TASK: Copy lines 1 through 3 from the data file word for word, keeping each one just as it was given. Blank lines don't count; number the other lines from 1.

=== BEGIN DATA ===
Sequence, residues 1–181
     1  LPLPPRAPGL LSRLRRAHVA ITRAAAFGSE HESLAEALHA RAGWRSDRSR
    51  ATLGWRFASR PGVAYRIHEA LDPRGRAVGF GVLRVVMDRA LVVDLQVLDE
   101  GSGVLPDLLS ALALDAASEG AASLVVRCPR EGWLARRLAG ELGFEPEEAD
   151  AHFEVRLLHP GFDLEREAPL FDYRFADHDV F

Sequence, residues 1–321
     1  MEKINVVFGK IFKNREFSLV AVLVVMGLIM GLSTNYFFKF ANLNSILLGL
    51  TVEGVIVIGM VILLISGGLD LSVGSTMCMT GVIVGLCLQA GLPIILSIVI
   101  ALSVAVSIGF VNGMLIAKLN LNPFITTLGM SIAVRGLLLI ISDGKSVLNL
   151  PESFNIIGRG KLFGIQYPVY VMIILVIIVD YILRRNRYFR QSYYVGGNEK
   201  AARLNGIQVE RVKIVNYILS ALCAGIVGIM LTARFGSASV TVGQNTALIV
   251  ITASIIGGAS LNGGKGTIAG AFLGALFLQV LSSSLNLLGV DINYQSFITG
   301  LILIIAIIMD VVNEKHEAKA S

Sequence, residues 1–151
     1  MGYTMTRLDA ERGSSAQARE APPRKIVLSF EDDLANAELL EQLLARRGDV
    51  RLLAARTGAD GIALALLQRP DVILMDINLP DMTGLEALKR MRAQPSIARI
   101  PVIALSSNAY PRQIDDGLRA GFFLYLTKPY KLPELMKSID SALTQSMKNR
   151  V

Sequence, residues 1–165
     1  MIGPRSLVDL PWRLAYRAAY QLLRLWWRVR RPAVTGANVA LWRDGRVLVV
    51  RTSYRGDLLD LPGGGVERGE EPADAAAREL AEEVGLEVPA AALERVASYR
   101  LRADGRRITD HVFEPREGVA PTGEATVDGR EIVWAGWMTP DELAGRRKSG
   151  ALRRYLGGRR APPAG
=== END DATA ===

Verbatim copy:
Sequence, residues 1–181
     1  LPLPPRAPGL LSRLRRAHVA ITRAAAFGSE HESLAEALHA RAGWRSDRSR
    51  ATLGWRFASR PGVAYRIHEA LDPRGRAVGF GVLRVVMDRA LVVDLQVLDE